French envoy visits Iran to try salvage nuclear deal

President Emmanuel Macron's top diplomatic advisor Emmanuell Bonne is “to piece together a deescalation” strategy, the French presidency’s office said.
Tuesday 09/07/2019
French Junior Minister for Environment Brune Poirson (L) and newly appointed presidential diplomatic advisor Emmanuel Bonne leaves the Elysee presidential palace after attending the weekly Cabinet meeting on June 12, 2019 in Paris. (AFP)
French Junior Minister for Environment Brune Poirson (L) and newly appointed presidential diplomatic advisor Emmanuel Bonne leaves the Elysee presidential palace after attending the weekly Cabinet meeting on June 12, 2019 in Paris. (AFP)

A French envoy was due in Tehran on Tuesday to boost European efforts to save the 2015 nuclear deal, after Iran warned Europe against retaliatory measures for breaching a uranium enrichment cap.

The accord between Tehran and world powers promised sanctions relief, economic benefits and an end to international isolation of the Islamic republic in return for stringent curbs on its nuclear programme.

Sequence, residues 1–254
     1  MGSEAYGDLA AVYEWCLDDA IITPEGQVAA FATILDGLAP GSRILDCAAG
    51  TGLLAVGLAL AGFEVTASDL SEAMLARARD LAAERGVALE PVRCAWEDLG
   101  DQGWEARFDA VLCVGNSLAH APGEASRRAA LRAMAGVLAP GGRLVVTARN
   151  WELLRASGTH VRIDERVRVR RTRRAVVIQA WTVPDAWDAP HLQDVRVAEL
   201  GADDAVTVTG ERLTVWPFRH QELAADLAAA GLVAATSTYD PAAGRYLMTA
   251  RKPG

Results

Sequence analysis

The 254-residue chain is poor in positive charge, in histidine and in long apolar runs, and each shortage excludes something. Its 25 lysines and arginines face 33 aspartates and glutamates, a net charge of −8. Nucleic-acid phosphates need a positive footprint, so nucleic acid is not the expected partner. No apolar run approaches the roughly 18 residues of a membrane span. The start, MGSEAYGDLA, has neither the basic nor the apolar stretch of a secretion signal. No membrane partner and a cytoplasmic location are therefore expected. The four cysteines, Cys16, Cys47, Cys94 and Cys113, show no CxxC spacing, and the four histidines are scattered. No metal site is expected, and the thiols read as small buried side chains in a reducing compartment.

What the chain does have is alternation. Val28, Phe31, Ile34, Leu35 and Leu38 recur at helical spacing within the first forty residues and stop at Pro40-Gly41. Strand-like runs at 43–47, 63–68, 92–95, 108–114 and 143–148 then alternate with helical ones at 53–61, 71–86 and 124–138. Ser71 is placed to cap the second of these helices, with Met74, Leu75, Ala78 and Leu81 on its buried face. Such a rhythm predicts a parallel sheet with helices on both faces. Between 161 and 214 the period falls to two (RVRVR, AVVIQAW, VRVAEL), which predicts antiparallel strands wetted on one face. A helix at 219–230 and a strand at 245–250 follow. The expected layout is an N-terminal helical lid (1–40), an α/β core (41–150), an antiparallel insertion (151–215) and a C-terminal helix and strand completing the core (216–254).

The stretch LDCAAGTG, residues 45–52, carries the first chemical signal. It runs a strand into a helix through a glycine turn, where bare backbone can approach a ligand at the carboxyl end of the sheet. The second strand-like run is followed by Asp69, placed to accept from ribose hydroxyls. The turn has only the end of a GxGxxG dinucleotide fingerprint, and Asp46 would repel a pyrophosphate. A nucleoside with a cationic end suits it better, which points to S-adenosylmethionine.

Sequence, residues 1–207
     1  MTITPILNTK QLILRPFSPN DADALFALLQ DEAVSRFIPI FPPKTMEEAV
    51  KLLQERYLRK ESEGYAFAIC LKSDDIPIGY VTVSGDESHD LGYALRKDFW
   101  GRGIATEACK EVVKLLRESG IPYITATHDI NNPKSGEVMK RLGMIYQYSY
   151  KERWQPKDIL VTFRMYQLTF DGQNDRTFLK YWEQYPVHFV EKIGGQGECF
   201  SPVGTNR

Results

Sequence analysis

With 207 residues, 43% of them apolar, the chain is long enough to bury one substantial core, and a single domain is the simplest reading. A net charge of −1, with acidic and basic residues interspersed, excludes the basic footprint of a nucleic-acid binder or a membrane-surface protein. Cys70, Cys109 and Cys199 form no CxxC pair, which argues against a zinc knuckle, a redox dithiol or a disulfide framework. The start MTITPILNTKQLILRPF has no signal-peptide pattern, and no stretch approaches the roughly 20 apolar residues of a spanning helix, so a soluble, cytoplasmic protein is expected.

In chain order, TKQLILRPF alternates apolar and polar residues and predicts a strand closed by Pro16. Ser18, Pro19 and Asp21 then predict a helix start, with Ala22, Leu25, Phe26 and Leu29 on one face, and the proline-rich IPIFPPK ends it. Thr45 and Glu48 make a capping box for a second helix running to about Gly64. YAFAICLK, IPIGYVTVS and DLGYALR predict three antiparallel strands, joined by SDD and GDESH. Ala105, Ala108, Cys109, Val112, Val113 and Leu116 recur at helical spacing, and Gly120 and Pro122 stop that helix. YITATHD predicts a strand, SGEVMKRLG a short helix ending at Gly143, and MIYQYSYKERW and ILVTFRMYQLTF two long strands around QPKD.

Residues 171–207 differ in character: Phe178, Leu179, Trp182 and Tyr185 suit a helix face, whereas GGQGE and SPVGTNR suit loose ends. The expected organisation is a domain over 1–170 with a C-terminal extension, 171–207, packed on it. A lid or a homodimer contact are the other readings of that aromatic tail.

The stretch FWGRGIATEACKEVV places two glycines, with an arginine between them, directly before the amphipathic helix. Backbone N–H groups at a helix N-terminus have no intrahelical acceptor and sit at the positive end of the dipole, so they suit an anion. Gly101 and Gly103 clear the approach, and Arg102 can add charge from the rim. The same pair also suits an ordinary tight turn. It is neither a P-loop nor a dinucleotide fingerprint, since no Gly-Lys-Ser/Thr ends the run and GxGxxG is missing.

But Tehran says it has lost patience with perceived inaction by European countries more than a year after President Donald Trump pulled the United States out of the landmark agreement.

According to the International Atomic Energy Agency (IAEA), tasked with inspections, while Iran consistently lived up to its commitments under the deal until recently it is now in breach of two of them.

French President Emmanuel Macron sent his top diplomatic advisor to Tehran after Iran announced on Monday it had passed 4.5% uranium enrichment — above the 3.7% limit under the agreement.

Emmanuel Bonne is due to visit until Wednesday but details of his schedule were unclear.

Bonne is “to piece together a deescalation” strategy, the French presidency’s office said.

The 2015 deal had been described as a triumph of diplomacy against unilateralism and a major step to counter proliferation.

But after the US withdrew in May 2018 and reimposed stinging sanctions on Iran, especially on its banking and oil sectors, the future of the accord became uncertain.

As the Iranian economy went into free-fall, Tehran demanded that the other parties to the deal, especially France, Germany and Britain, deliver the promised economic benefits and help it bypass US sanctions.

(AFP)